The other day I discussed evangelical pastor and journalist John S. Dickerson’s ad hominem attack against Reza Aslan, the author of a new book about Jesus. Aslan appeared last night on Real Time with Bill Maher, which in turn prompted me to crack open his book Zealot: The Life and Times of Jesus of Nazareth, which raised so much ire from Dickerson. The very first thing I noted is that Dickerson is dishonest. Dickerson complained that the media and Aslan were in a conspiracy to hide the fact that Aslan is a “devout Muslim.” But the very first passage of Aslan’s book is a discussion of his own complex spirituality, which began in a family of indifferent Muslims, progressed through atheism to evangelical Christianity, and eventually settled into what he describes as a profound and deep respect for the teachings of the historical Jesus. This is not what Dickerson described.
Aslan’s book opens with an interesting anecdote drawn from Celsus, without citation (at least in my eBook version), which describes what Aslan identifies as a “common sight in Jesus’ time,” wandering prophets prophesying doom. I quote here from a standard translation, and the boldface words are those used by Aslan:
There are many who, although of no name, with the greatest facility and on the slightest occasion, whether within or without temples, assume the motions and gestures of inspired persons; while others do it in cities or among armies, for the purpose of attracting attention and exciting surprise. These are accustomed to say, each for himself, ‘I am God; I am the Son of God; or, I am the Divine Spirit; I have come because the world is perishing, and you, O men, are perishing for your iniquities. But I wish to save you, and you shall see me returning again with heavenly power. Blessed is he who now does me homage. On all the rest I will send down eternal fire, both on cities and on countries. And those who know not the punishments which await them shall repent and grieve in vain; while those who are faithful to me I will preserve eternally.’ … To these promises are added strange, fanatical, and quite unintelligible words, of which no rational person can find the meaning: for so dark are they, as to have no meaning at all; but they give occasion to every fool or impostor to apply them to suit his own purposes. (Origen, Contra Celsum 7.9)
Aslan describes this passage as “farcical” and says that it describes a “Jewish holy man roaming the Galilean countryside, shouting to no one in particular,” with the implication (later contradicted in his text) that Jesus was part of the same group and culture.
I’m a bit confused, though, because Aslan left a lot out. As you can see, Celsus was speaking in the present tense, and as the immediately preceding discussion by Origen (who is our sole source for Celsus’ lost work) makes clear, this was meant to be the time of writing: “Celsus promises to give an account of the manner in which prophecies are delivered in Phoenicia and Palestine, speaking as though it were a matter with which he had a full and personal acquaintance” (7.8). This would have been around 177 CE, when Celsus wrote, almost 150 years after Jesus.
Origen makes another important point:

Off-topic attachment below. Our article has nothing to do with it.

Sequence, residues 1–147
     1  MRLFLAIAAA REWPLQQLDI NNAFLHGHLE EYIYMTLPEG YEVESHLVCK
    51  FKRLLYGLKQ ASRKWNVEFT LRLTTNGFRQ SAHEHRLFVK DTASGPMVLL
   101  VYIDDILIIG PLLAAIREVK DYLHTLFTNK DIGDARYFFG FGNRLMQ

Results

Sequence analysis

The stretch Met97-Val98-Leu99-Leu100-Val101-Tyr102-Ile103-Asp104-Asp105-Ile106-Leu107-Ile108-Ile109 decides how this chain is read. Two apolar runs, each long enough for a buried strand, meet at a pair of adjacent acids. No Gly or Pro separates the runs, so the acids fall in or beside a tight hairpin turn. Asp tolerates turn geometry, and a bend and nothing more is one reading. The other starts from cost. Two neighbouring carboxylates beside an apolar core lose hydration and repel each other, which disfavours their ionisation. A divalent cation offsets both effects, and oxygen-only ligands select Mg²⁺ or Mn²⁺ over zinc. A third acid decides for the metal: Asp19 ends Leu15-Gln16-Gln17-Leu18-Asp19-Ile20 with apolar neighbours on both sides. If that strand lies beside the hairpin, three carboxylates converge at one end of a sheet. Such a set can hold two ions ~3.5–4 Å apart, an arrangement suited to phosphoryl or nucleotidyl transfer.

He adds, with the view of casting a slight upon the ancient [Jewish] prophets, that “they prophesied in the same way as we find them still doing among the inhabitants of Phoenicia and Palestine.” But he does not tell us whether he refers to persons who are of different principles from those of the Jews and Christians, or to persons whose prophecies are of the same character as those of the Jewish prophets. (7.8)
In other words, it wasn’t clear to Origen whether Celsus was attributing the prophets and doom-sayers of Phoenicia and Palestine to the Jews or to various pagan sects.
Therefore, Aslan’s statement is technically wrong on essentially every count: Celsus was not referring to Galilee specifically but rather the entire eastern Mediterranean coast; he was speaking of the second century and not the first; the prophets in question may or may not have been Jewish; and said holy men were not wandering hither and yon alone but rather were preaching in temples, in cities, and in the military. The cute anecdote about the Greek guy reporting a wave of babbling prophets marching around in the time of Jesus isn’t what the original text actually says.
Now, don’t get me wrong: There were plenty of people claiming divine status in the era of Jesus. Simon of Peraea, Athronges, Menahem ben Judah, Simon Magus, and Dositheos the Samaritan all claimed to be the Messiah in the century or so around Christ, for example. Further, the Roman Empire was lousy with itinerant preachers and teachers, some of whom would have preached the Jewish doctrine of the End of Days, such as that given in Malachi 4:1: “‘Surely the day is coming; it will burn like a furnace. All the arrogant and every evildoer will be stubble, and the day that is coming will set them on fire,’ says the Lord Almighty.” Among the pagans, the same type of figure prevailed, including the famous Apollonius of Tyana, and other wandering philosophers and wonder-workers.
So, Aslan’s broader point is right, if incomplete, though the text he uses to support it isn’t quite what he made it seem. The good news is that he goes on to clarify and correct most of the issues in the succeeding paragraphs, though so far as I have read, he doesn’t get back to Celsus.
I am an author and researcher focusing on pop culture, science, and history. Bylines: New Republic, Esquire, Slate, etc. There's more about me in the About Jason tab.
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